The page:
Dry Yeast

Have you heard the news? Dry beer yeast is catching up! Nowadays, it is a perfectly viable alternative to liquid beer yeast for folks brewing their own beer at home. MoreBeer! has a selection of more than 50 dry yeast strains that can more than hold their own against liquid beer yeast. Dry brewers yeast quality has improved exponentially in the last decade or so. See for yourself with items like Dry Yeast Belle Saison, a quick starter ale yeast of Belgian origin selected for its ability to produce great Saison-style beer; Dry Yeast Munich Wheat Beer, a non-flocculent strain; Nottingham Ale, a highly flocculent yeast with full attenuation for drier beers with a neutral flavor profile. Nottingham Ale Dry Yeast is used by many commercial microbreweries; or Saflager S-23 dry yeast, a lager bottom-fermenting yeast used by Western European commercial breweries. 

Do you need to aerate Dry Yeast? Click here, to learn More!

Aeration / Oxygenating Dry Yeast 

You might have heard this statement before, "There is no need to aerate/oxygenate with dry yeast.". But, in almost all brewing books & articles you also find phrases like this, "Yeast needs oxygen to reproduce". For many homebrewers these contradictory statements left us a little confused and erroring on the side of caution i.e. aerating our wort even when using dry yeast. The good news is, you won't ruin your beer or cause it stale prematurely by doing so. In a 2007 paper called "The influence of wort aeration and yeast preoxygenation on beer staling processes" scientists proved that wort oxygenation does not appear to be an important parameter for determining flavour stability. Bottom line you don't need to aerate your wort when using dry yeast, but it also won't hurt. But if you're like us you still probably want to know a little More! about why you don't need to oxygenate wort when using dry yeast.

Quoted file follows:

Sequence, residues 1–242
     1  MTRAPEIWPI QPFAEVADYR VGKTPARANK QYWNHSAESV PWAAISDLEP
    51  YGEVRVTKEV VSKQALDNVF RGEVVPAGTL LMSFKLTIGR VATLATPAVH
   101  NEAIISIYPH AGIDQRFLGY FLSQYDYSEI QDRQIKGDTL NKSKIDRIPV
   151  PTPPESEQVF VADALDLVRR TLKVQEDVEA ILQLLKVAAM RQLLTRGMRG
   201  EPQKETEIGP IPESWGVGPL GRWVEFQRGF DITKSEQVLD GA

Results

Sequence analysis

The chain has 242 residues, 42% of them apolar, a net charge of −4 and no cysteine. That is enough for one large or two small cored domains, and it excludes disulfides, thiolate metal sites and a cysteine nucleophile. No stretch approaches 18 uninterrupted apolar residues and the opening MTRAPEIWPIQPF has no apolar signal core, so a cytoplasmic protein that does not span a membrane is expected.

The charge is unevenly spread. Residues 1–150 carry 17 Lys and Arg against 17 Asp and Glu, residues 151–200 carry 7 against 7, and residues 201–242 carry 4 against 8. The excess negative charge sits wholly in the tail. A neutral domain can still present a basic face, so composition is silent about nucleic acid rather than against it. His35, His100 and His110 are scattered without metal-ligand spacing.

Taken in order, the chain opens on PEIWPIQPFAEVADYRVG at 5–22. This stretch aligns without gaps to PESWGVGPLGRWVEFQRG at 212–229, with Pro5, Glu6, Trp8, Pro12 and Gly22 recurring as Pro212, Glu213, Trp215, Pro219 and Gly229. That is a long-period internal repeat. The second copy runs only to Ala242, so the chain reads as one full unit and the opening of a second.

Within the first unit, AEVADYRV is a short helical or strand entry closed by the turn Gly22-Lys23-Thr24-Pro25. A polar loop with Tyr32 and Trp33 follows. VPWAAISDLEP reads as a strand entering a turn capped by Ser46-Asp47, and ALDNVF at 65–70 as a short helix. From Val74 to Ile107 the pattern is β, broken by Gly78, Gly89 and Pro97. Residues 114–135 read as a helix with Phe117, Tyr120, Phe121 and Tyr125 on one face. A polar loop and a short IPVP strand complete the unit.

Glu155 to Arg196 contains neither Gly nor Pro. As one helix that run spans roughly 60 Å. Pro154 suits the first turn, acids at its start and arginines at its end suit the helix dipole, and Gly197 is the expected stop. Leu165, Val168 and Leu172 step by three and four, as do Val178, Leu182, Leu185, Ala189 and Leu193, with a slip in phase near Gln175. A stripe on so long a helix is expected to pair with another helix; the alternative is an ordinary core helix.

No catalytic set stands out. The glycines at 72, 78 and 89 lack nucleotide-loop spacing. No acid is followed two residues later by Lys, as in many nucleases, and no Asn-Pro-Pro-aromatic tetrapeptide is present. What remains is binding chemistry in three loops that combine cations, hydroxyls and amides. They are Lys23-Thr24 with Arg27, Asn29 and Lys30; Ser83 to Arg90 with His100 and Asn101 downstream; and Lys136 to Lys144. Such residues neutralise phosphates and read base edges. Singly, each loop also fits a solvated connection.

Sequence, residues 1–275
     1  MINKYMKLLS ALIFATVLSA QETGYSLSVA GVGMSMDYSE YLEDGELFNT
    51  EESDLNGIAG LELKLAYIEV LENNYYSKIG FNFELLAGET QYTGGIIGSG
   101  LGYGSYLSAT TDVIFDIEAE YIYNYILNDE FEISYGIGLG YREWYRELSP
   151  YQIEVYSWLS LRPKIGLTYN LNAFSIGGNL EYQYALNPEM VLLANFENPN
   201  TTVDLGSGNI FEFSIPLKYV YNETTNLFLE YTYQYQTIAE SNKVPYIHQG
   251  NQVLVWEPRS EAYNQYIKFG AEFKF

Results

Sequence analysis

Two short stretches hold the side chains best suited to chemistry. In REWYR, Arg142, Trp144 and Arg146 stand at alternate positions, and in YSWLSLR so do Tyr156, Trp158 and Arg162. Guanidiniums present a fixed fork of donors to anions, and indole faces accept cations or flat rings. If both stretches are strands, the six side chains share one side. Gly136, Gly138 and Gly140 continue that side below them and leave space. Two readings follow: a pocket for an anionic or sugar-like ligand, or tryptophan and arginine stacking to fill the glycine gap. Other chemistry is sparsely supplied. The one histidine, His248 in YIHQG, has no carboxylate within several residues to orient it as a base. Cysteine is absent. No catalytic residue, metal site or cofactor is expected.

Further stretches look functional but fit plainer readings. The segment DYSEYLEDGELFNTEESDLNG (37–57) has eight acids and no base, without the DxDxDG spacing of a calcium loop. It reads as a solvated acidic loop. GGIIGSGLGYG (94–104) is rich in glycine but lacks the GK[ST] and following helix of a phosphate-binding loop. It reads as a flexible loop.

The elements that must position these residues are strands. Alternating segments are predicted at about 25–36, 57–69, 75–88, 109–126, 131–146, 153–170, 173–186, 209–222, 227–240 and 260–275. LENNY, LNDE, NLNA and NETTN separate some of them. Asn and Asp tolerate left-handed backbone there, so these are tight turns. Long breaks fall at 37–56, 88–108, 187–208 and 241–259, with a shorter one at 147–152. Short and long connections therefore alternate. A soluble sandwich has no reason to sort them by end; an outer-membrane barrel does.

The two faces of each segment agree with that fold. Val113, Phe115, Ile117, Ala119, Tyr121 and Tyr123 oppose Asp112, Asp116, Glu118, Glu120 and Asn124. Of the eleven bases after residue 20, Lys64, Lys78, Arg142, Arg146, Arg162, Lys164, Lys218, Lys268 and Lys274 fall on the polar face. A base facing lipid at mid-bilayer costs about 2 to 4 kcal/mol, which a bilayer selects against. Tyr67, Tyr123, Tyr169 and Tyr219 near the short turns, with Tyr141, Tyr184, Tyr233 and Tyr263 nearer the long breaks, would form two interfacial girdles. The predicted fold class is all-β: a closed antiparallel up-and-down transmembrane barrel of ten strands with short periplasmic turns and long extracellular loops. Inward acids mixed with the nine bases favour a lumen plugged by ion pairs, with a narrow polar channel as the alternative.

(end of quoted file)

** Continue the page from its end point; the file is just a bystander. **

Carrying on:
The main difference between dry and liquid yeast other than their physical properties is the way they are propagated and harvested. Dry yeast is propagated in Aerobic conditions meaning full of oxygen. This leads to higher sterol and nutrient levels within the yeasts cell walls. Thus dry yeast already have the oxygen and nutrients needed to bud built into them. This leads to less lag time and you guessed it, you don't need to aerate the wort to help with yeast reproduction. However if you plan to reuse the dry yeast you will have to aerate your wort on subsequent batches as that harvested yeast will have gone through an anaerobic fermentation and no longer have the high sterol and nutrient levels within their cell walls.